For primary care, the field is moving in two directions. With new technology, some primary care doctors ought to be doing more of what only specialists can do today. At the same time, a lot of people see primary care doctors as essential coordinators of care, focused on wellness, prevention, and the facilitation of quality medicine. Admittedly, this argument could have featured more strongly in our book, and it remains to be seen whether current proposals like the patient-centered medical home (a team-based approach guided by primary care providers) will do enough to preserve the wellness-oriented aspect of primary care medicine.
S+B: What interest do you see among industry leaders for moving in the direction of reform?
HWANG: The short answer is that there is interest, but putting disruption into action is quite difficult when you’re already a successful health-care company. When we talk to incumbent hospitals and payors, for example, we try to point out niche areas we think are appropriate for investment. We also point out that by entering these disruptive areas, they may be creating new business models that could eventually put their existing approaches out of business.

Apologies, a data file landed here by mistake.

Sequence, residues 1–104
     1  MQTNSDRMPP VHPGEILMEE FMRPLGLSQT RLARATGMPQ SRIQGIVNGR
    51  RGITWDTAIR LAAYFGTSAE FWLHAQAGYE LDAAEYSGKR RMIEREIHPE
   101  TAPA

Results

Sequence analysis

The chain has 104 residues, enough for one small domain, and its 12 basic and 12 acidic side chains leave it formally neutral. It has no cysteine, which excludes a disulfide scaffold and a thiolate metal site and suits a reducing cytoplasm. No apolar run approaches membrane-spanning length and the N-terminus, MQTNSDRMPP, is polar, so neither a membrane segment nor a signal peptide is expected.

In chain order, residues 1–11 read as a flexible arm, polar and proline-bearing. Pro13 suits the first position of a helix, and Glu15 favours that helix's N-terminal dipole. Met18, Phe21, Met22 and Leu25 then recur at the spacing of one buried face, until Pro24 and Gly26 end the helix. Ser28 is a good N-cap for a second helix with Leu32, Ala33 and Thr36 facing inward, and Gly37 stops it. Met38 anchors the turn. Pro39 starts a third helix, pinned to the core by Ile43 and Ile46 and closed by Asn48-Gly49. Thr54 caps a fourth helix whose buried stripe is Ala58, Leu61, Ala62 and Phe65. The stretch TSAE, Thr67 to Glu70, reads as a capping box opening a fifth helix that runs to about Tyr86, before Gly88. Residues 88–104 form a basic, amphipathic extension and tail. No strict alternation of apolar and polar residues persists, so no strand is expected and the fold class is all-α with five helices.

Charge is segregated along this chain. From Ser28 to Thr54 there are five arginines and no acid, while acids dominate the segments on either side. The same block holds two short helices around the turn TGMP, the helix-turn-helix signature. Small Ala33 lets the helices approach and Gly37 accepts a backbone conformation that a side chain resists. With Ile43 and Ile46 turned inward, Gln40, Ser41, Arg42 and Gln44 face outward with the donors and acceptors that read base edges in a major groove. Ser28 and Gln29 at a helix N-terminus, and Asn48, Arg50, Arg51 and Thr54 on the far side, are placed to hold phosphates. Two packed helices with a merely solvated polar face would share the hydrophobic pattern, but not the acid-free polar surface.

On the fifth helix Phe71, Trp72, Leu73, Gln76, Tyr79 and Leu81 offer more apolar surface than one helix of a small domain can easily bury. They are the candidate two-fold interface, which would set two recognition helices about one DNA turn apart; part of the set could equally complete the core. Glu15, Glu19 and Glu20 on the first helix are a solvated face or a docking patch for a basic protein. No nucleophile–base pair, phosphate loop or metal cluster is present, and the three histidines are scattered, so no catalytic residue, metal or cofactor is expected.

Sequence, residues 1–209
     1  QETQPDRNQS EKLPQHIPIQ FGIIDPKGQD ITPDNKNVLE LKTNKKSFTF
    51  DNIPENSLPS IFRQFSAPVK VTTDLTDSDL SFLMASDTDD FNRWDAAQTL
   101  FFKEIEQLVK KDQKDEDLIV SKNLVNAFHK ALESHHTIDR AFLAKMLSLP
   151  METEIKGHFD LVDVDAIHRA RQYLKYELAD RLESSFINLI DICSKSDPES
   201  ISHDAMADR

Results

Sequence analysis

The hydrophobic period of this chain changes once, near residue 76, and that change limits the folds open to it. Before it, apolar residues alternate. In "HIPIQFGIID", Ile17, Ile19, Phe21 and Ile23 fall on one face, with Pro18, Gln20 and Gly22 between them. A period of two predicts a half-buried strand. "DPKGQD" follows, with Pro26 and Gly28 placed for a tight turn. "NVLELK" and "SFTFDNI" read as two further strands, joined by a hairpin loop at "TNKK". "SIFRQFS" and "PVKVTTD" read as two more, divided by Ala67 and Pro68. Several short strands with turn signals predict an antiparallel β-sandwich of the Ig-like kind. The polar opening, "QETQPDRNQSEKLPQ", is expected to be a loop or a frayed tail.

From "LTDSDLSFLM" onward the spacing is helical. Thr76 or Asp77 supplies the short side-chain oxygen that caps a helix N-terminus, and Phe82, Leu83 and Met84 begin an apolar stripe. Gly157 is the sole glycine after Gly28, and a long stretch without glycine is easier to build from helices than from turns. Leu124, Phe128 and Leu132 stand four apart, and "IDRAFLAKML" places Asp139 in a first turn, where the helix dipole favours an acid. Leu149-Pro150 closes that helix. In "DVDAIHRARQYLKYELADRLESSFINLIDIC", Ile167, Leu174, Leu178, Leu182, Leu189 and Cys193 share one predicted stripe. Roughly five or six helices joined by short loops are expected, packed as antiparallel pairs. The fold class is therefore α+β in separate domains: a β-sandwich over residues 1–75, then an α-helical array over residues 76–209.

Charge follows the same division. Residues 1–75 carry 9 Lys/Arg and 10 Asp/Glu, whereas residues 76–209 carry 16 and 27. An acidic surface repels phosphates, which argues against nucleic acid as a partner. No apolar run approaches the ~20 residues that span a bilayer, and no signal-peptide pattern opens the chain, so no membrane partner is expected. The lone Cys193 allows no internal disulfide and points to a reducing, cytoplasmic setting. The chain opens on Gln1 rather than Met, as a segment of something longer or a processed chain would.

Of course, that makes many incumbents uncomfortable. Hospitals and payors are very good at protecting their core markets in the existing system, and they constantly optimize their services to help those core patients. As Glenn Steele, the CEO of Geisinger Health System, once put it, there’s almost a gravitational pull any time you introduce a new business or a new technology into the health-care system. It gets sucked into the orbit of the old hospital-centric approach, and all the care still gets delivered in ways that drive people toward more expensive hospital care.
One of the most telling cases is when CVS opened its first MinuteClinics in Massachusetts. It took a while for CVS to break into that market because the state wouldn’t allow nurses to prescribe drugs. But when regulators finally acquiesced (only after the MinuteClinic concept had proven its worth in many other states), CVS moved in.
Then one of the largest hospital systems in the state decided to open its own retail clinic. When we tried to find out why they were doing this — because usually incumbents don’t want to create new operations that would substitute for their established, higher-earning practices — it became clear that they didn’t see it as a disruptive model at all. Instead, they saw it as a way to direct new patients into their core hospital business. In fact, that’s how other ambulatory services, like primary care clinics, urgent care clinics, and emergency rooms, work: They are often money-losers in themselves, but they refer patients to the hospital, so that (with expenses covered by insurance) no beds go empty.